The account of Paul’s conversion turns our eye to great figures. Of course, there is Saint Paul, going from sinner to saint, from persecutor to preacher, from murderer to martyr. Also eye-catching is the role of Jesus, blinding Paul with heavenly light, speaking as Paul’s true victim, and infusing powerful graces.
Looking upon these figures, we easily forget a man who was indispensable in Paul’s conversion, that is, Ananias. He is the holy disciple in Damascus who, at God’s command, heals and baptizes Paul. Today let’s contemplate two virtues of Ananias: trust and hiddenness.
Ananias trusts that God will heal Paul through him, and even more, he trusts that God is not sending him into a trap. At first, Ananias understandably hesitates. Paul was just “breathing threats and murder” (Acts 9:1), but when God assures him that Paul is changed, Ananias goes immediately to heal him. This is an extraordinary trust. To better understand it, think of Isaiah’s prophecy that the “wolf shall dwell with the lamb” (Is 11:6). In a way, God is commanding the lamb, Ananias, to approach and dwell with the wolf, Paul. Wolves eat lambs, just as Paul persecuted Christians. But trusting in God, Ananias boldly goes and calls him, “Brother Saul.”
Ananias also shows us the virtue of hiddenness when, having healed and baptized Paul, he leaves and remains silent. He’s only mentioned once more by Paul, in a retelling of this conversion story. Scripture tells us nothing more. Ananias exits stage right in mid-scene, receiving no ovation, and Paul comes center stage for the rest of the New Testament. Ananias surrenders any claim to man’s praise. “You know Paul? I’m the one who converted him!” is not found on his lips. Rather, as Ananias trusted in God working through him and protecting him from murderous plots, so now Paul multiplies and magnifies these two virtues.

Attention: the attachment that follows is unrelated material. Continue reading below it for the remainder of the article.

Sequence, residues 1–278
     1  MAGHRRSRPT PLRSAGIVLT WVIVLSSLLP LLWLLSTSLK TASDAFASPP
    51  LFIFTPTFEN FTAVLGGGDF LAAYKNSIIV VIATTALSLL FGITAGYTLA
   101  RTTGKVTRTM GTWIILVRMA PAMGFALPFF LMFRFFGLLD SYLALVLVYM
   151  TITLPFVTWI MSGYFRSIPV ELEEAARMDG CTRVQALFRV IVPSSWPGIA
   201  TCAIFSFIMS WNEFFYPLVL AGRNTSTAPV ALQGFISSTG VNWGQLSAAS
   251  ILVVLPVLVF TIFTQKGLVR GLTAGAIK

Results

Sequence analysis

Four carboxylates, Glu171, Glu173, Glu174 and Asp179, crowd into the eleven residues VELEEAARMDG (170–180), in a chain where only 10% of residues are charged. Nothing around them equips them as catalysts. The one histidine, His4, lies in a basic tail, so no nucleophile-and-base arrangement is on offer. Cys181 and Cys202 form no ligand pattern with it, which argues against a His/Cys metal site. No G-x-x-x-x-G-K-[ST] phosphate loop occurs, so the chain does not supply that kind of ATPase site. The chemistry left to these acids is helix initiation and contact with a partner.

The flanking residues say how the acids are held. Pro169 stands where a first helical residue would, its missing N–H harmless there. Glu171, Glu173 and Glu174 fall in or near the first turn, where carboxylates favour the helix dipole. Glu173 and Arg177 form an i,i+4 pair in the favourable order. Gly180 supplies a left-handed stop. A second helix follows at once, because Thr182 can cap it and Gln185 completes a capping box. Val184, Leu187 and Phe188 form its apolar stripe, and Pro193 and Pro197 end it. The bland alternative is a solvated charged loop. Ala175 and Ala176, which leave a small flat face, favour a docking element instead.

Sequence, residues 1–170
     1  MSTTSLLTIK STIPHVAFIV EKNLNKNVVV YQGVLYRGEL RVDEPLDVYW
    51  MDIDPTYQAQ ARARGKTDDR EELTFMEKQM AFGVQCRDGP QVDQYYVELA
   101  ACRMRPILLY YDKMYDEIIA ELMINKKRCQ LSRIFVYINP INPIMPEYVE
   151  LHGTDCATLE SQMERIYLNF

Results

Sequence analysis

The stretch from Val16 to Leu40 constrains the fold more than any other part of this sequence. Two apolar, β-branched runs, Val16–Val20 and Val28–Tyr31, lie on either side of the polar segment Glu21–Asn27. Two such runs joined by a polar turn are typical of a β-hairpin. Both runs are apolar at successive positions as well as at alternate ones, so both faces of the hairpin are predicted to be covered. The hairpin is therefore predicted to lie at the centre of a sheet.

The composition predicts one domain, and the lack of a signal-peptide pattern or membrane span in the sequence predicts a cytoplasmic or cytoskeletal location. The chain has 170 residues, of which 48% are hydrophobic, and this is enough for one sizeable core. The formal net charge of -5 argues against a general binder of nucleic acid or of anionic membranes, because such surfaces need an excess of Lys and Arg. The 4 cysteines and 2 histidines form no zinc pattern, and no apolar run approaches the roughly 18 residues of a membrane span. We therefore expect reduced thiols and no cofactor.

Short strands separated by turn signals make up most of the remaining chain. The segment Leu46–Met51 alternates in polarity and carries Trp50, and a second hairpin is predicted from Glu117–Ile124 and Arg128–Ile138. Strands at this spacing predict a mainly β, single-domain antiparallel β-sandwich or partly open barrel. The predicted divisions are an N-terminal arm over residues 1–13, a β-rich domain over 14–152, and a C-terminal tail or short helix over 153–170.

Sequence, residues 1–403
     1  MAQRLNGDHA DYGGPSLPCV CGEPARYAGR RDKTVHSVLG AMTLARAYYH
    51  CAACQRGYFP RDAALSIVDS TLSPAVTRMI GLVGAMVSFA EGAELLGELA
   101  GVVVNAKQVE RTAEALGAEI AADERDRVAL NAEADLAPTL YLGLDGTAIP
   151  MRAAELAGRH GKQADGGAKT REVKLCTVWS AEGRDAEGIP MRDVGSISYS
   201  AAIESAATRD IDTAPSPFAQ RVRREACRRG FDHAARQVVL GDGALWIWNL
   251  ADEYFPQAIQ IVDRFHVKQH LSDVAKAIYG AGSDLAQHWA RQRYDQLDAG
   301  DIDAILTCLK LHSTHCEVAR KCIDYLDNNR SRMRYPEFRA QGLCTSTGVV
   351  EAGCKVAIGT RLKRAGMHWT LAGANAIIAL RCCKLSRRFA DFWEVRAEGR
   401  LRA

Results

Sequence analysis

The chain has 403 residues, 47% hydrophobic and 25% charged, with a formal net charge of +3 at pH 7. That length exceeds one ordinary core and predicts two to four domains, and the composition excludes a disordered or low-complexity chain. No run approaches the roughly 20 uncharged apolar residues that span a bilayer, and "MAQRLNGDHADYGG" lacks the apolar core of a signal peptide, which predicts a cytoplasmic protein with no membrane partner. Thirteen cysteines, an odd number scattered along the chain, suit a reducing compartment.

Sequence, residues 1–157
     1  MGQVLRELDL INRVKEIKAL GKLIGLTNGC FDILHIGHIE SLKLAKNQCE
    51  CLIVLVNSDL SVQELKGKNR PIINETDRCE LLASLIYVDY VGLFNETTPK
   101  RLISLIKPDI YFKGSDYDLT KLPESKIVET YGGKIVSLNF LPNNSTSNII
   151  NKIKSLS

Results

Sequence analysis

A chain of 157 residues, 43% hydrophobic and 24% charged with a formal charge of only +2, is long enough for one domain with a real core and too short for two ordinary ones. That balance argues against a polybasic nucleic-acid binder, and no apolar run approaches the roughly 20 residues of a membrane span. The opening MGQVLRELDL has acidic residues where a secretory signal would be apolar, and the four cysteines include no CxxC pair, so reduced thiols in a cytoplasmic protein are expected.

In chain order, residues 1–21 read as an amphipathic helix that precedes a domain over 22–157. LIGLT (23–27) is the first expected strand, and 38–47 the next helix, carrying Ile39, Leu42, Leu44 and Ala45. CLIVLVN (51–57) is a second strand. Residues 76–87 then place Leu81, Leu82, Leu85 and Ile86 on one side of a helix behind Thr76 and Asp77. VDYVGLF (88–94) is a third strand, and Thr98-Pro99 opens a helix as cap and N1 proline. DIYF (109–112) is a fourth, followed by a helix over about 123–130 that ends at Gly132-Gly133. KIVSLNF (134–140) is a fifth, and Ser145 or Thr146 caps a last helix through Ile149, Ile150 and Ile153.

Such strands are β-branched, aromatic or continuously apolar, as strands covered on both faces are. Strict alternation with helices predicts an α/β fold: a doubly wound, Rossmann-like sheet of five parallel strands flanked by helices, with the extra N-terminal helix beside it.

Unknown to most, the Church does venerate Ananias as a saint. The Roman Martyrology lists his feast day as January 25, both linking him to Paul’s conversion and forever hiding him behind today’s feast, the Conversion of Saint Paul. Most likely, you’ll never celebrate the memorial of St. Ananias.
While Ananias’s example of trust and hiddenness speaks to us in different ways, he strikes me as a patron to confessors. Like Ananias, the priest heals the soul, fills it with grace, and then hides—all as an instrument of God’s grace. The very seal of Confession means that priests cannot boast of their greatness as a confessor. Instead, they can simply pray that their penitents become great saints, like St. Paul.
St. John Paul II highlighted this powerful yet hidden ministry of confessors, a ministry that raises up saints. As we celebrate St. Ananias, John Paul II’s words seem all too fitting:
I also wish to pay homage to the innumerable host of holy and almost always anonymous confessors to whom is owed the salvation of so many souls who have been helped by them in conversion, in the struggle against sin and temptation, in spiritual progress and, in a word, in achieving holiness. I do not hesitate to say that even the great canonized saints are generally the fruit of those confessionals, and not only the saints but also the spiritual patrimony of the Church and the flowering of a civilization permeated with the Christian spirit! Praise then to this silent army of our brothers who have served well and serve each day the cause of reconciliation through the ministry of sacramental penance.
Praise to this silent army of confessors. Praise to St. Ananias. Above all, praise to God, our true hidden healer.
Photo by Tim Marshall